It was so far from anything that he had expected that for a moment he could only stare at her. Then he thought he had understood. He laughed as he removed her hands from his shoulders, and stepped back. This was a shallow device, childish and unworthy in her.
"Can you really think to prevail by attempting to frighten me?" he asked, and almost sneered.
"Oh, you are surely mad! M. de La Tour d'Azyr is reputed the most dangerous sword in France."
"Have you never noticed that most reputations are undeserved? Chabrillane was a dangerous swordsman, and Chabrillane is underground. La Motte-Royau was an even more dangerous swordsman, and he is in a surgeon's hands. So are the other spadassinicides who dreamt of skewering a poor sheep of a provincial lawyer. And here to-day comes the chief, the fine flower of these bully-swordsmen. He comes, for wages long overdue. Be sure of that. So if you have no other reason to urge..."
It was the sarcasm of him that mystified her. Could he possibly be sincere in his assurance that he must prevail against M. de La Tour d'Azyr? To her in her limited knowledge, her mind filled with her uncle's contrary conviction, it seemed that André-Louis was only acting; he would act a part to the very end.
Be that as it might, she shifted her ground to answer him.
"You had my uncle's letter?"
"And I answered it."
"I know. But what he said, he will fulfil. Do not dream that he will relent if you carry out this horrible purpose."
Come, now, that is a better reason than the other," said he. "If there is a reason in the world that could move me it would be that. But there is too much between La Tour d'Azyr and me. There is an oath I swore on the dead hand of Philippe de Vilmorin. I could never have hoped that God would afford me so great an opportunity of keeping it."
"You have not kept it yet," she warned him.
He smiled at her. "True!" he said. "But nine o'clock will soon be here. Tell me," he asked her suddenly, "why did you not carry this request of yours to M. de La Tour d'Azyr?"
"I did," she answered him, and flushed as she remembered her yesterday's rejection. He interpreted the flush quite otherwise.
"And he?" he asked.
"M. de La Tour d'Azyr's obligations... " she was beginning: then she broke off to answer shortly: "Oh, he refused."
"So, so. He must, of course, whatever it may have cost him. Yet in his place I should have counted the cost as nothing. But men are different, you see." He sighed. "Also in your place, had that been so, I think I should have left the matter there. But then..."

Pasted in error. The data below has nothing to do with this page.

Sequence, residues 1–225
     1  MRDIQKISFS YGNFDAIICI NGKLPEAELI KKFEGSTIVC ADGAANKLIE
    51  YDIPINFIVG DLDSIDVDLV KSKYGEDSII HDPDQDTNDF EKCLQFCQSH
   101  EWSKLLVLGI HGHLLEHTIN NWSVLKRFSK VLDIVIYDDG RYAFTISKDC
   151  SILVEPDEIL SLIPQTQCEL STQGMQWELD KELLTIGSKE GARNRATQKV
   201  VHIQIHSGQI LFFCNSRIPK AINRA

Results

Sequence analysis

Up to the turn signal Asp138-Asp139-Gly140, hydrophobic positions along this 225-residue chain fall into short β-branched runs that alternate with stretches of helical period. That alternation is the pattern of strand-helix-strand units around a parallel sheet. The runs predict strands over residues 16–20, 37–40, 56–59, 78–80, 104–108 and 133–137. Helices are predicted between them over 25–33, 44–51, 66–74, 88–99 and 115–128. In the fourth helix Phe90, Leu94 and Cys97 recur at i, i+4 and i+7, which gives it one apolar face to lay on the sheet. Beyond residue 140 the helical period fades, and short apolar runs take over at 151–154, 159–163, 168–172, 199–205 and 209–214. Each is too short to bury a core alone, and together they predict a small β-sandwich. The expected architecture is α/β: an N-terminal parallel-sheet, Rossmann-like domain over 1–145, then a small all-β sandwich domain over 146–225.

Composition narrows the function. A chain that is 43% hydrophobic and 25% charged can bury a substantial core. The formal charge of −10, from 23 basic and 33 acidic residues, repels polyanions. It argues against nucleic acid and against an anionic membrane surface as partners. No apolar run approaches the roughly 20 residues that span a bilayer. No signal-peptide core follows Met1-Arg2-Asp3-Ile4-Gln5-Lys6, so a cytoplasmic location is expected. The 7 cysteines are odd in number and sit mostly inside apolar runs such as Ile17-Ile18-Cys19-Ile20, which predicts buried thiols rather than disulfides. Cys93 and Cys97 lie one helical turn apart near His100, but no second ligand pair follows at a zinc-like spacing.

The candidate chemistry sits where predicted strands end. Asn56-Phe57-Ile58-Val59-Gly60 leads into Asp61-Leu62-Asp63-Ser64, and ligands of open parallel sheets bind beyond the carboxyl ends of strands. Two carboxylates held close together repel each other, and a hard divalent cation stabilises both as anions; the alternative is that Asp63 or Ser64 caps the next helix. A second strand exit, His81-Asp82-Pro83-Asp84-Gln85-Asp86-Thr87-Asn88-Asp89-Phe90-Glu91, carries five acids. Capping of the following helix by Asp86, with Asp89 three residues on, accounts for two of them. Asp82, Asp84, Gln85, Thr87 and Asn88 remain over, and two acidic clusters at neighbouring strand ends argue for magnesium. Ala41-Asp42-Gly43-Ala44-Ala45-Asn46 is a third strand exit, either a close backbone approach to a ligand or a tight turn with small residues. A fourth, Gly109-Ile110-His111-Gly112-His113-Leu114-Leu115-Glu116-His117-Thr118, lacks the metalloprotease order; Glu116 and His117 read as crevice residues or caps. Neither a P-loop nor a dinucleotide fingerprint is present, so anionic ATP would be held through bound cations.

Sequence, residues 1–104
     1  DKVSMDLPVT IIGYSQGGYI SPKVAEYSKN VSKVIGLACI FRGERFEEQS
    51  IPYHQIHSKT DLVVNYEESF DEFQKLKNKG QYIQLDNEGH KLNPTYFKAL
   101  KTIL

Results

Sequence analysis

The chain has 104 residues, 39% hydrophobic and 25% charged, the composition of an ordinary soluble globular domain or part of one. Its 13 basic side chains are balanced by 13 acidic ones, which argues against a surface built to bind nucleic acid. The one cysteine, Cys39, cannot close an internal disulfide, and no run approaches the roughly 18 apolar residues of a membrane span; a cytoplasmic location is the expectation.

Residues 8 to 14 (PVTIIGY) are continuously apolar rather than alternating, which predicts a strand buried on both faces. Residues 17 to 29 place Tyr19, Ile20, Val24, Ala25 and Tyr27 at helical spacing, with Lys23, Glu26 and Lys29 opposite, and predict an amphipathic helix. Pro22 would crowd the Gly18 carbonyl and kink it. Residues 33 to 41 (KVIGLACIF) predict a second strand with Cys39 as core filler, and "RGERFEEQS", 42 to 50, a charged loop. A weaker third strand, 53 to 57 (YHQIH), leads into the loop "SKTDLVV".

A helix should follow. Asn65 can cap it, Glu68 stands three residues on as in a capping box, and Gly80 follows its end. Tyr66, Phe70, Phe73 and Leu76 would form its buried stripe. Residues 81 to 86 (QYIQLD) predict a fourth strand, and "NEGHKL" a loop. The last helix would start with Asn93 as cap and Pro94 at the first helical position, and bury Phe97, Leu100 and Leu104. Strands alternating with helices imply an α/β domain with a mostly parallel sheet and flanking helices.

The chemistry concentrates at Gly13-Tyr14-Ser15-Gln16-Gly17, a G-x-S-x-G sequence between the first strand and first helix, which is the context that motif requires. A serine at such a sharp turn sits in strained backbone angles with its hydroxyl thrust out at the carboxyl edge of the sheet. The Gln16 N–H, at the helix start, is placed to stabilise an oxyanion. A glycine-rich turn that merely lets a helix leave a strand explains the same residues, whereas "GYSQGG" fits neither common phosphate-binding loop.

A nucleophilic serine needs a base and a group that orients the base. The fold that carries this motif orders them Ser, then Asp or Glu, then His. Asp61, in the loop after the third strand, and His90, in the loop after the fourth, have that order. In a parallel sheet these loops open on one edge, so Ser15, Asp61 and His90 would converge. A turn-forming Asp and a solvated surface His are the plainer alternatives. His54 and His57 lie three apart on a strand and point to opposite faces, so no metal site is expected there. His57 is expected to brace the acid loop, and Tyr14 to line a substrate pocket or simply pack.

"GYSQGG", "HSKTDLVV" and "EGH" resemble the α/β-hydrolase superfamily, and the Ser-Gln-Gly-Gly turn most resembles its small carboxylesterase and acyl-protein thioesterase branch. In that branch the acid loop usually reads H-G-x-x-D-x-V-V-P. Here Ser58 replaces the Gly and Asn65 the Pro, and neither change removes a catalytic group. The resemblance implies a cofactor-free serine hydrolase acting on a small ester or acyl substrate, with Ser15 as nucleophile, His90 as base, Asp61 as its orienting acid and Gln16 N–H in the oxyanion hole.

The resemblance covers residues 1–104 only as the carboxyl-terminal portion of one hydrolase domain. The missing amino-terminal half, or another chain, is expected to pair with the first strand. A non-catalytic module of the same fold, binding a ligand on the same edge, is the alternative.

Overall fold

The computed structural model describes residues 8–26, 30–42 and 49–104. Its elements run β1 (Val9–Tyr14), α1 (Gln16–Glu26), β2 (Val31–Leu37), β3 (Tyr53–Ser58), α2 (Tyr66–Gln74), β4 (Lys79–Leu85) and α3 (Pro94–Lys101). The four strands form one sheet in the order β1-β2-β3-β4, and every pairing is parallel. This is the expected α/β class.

"I don't understand you, André."
"I am not so very obscure. Not nearly so obscure as I can be. Turn it over in your mind. It may help to comfort you presently." He consulted his watch again. "Pray use this house as your own. I must be going."
Le Chapelier put his head in at the door.
"Forgive the intrusion. But we shall be late, André, unless you..."
"Coming," André answered him. "If you will await my return, Aline, you will oblige me deeply. Particularly in view of your uncle's resolve."
She did not answer him. She was numbed. He took her silence for assent, and, bowing, left her. Standing there she heard his steps going down the stairs together with Le Chapelier's. He was speaking to his friend, and his voice was calm and normal.
Oh, he was mad—blinded by self-confidence and vanity. As his carriage rattled away, she sat down limply, with a sense of exhaustion and nausea. She was sick and faint with horror. André-Louis was going to his death. Conviction of it—an unreasoning conviction, the result, perhaps, of all M. de Kercadiou's rantings—entered her soul. Awhile she sat thus, paralyzed by hopelessness. Then she sprang up again, wringing her hands. She must do something to avert this horror. But what could she do? To follow him to the Bois and intervene there would be to make a scandal for no purpose. The conventions of conduct were all against her, offering a barrier that was not to be overstepped. Was there no one could help her?
Standing there, half-frenzied by her helplessness, she caught again a sound of vehicles and hooves on the cobbles of the street below. A carriage was approaching. It drew up with a clatter before the fencing-academy. Could it be André-Louis returning? Passionately she snatched at that straw of hope. Knocking, loud and urgent, fell upon the door. She heard André-Louis' housekeeper, her wooden shoes clanking upon the stairs, hurrying down to open.
She sped to the door of the anteroom, and pulling it wide stood breathlessly to listen. But the voice that floated up to her was not the voice she so desperately hoped to hear. It was a woman's voice asking in urgent tones for M. André-Louis—a voice at first vaguely familiar, then clearly recognized, the voice of Mme. de Plougastel.
Excited, she ran to the head of the narrow staircase in time to hear Mme. de Plougastel exclaim in agitation:
"He has gone already! Oh, but how long since? Which way did he take?"
It was enough to inform Aline that Mme. de Plougastel's errand must be akin to her own. At the moment, in the general distress and confusion of her mind, her mental vision focussed entirely on the one vital point, she found in this no matter for astonishment. The singular regard conceived by Mme. de Plougastel for André-Louis seemed to her then a sufficient explanation.
Without pausing to consider, she ran down that steep staircase, calling:
The portly, comely housekeeper drew aside, and the two ladies faced each other on that threshold. Mme. de Plougastel looked white and haggard, a nameless dread staring from her eyes.
"Aline! You here!" she exclaimed. And then in the urgency sweeping aside all minor considerations, "Were you also too late?" she asked.
"No, madame. I saw him. I implored him. But he would not listen."